It seems there are many people who are relocated by the government when they are in the way of progress. But no group has had as much press as the villages relocated by the building of the Three Gorges Dam. China relocated over a million people whose homes or villages were flooded after the building of the dam.
We visited one family that was relocated. They were given a plot of land the same size as their home, stipends for the home value and per person displaced. I don’t think it was enough to rebuild and the land for the house to be built did not include farm area. So many of the families no longer have garden areas. The husband of the family we visited is about the same age as me and to earn money he works carrying people in the sedan chairs.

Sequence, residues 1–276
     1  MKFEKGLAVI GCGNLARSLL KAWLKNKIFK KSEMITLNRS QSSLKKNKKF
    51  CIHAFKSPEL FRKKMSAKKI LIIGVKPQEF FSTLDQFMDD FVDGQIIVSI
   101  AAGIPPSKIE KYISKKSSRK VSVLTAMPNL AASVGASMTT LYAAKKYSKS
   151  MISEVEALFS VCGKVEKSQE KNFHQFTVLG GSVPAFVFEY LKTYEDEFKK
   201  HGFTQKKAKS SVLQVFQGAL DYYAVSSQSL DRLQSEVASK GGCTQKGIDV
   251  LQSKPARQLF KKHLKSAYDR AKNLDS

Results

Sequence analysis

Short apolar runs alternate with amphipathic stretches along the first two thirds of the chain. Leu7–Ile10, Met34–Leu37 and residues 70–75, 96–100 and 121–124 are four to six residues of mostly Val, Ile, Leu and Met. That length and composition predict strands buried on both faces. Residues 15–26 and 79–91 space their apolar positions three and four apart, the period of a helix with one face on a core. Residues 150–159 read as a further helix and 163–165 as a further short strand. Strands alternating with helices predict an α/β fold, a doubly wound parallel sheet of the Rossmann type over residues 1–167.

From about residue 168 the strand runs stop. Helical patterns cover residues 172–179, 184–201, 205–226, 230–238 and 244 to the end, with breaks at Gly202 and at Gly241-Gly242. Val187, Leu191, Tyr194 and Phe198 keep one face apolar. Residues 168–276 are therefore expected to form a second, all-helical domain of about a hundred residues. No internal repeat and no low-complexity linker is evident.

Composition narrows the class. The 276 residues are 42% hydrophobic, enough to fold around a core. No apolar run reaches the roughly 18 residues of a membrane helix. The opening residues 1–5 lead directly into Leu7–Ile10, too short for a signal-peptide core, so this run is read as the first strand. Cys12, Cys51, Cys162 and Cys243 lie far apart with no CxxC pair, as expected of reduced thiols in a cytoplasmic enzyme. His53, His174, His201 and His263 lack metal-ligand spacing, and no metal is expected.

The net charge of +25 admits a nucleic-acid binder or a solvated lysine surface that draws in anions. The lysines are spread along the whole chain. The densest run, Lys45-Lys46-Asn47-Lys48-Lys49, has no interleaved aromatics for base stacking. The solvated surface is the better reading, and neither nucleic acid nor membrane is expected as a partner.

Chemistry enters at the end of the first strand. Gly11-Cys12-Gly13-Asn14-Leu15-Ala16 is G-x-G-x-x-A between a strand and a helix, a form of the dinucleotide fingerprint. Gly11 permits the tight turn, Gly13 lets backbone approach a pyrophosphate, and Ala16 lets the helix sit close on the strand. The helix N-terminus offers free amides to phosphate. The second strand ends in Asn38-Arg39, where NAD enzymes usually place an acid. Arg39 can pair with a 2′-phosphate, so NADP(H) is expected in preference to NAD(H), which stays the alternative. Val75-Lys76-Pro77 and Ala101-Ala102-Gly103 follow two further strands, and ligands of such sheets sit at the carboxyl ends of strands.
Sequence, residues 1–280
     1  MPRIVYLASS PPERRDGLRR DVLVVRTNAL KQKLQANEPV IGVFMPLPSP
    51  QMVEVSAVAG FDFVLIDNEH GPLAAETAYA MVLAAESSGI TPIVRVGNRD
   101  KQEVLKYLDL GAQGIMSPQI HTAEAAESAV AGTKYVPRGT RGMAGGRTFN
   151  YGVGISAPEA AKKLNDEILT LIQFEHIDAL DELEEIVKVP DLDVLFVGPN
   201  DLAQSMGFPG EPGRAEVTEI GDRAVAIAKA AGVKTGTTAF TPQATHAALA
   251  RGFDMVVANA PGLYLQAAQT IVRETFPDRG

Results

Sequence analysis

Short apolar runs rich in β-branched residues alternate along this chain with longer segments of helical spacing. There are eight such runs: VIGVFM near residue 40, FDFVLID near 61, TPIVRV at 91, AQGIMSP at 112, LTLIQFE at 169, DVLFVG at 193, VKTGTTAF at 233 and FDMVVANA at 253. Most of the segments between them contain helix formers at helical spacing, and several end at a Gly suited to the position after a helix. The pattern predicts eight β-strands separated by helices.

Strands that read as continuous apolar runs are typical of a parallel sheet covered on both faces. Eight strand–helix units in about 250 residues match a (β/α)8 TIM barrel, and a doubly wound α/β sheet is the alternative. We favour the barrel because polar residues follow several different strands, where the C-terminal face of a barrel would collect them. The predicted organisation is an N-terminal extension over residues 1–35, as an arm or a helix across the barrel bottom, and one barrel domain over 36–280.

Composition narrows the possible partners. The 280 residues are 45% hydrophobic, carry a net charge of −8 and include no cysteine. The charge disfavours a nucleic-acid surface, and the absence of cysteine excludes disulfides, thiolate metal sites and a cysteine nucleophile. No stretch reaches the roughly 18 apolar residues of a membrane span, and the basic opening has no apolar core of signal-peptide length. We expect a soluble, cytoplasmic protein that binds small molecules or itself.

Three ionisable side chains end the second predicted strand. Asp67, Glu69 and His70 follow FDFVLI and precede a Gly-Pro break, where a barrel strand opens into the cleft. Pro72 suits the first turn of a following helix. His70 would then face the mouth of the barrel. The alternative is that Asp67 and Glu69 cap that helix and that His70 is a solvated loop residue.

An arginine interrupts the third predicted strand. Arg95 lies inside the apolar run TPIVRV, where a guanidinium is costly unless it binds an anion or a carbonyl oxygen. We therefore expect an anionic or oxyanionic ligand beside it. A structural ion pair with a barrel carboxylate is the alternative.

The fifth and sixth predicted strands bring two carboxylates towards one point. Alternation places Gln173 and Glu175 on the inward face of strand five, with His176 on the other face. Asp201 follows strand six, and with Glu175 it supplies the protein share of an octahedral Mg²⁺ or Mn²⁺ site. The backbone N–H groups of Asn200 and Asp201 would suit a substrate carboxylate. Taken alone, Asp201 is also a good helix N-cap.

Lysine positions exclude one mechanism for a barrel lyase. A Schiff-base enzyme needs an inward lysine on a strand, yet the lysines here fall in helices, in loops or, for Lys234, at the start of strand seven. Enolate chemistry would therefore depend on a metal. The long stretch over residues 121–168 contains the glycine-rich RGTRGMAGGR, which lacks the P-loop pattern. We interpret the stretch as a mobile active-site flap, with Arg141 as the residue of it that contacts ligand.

However, the Chinese people seem to be quite pragmatic. They don’t appear to be angry about this; they seem to accept change without too much questioning. For some, like the woman we spoke with, the opportunity for their children to be closer to schools and job possibilities is a fair exchange.
When we landed there were many stands selling tourist items and men offering to carry you up the hill in a sedan chair carried by two people. A small boat was just leaving that collected garbage from the area. Women were washing clothes in the river.
The people we passed were quite friendly, as has been the case during the whole trip.
The home we visited as actually quite large with a first floor that was used for storage.
The second floor had a living area, four bedrooms and a kitchen.
The third floor was unused. She was saving it for her grandchildren. When she asked if she could rent it out, she said she would never do that. She had to keep it new for her grandchildren. Our guide had told us that, in general, Chinese people do not like things that have been used by others. No hand me downs. He told us not to leave things in our hotel rooms, like extra food or clothing. It would be considered insulting.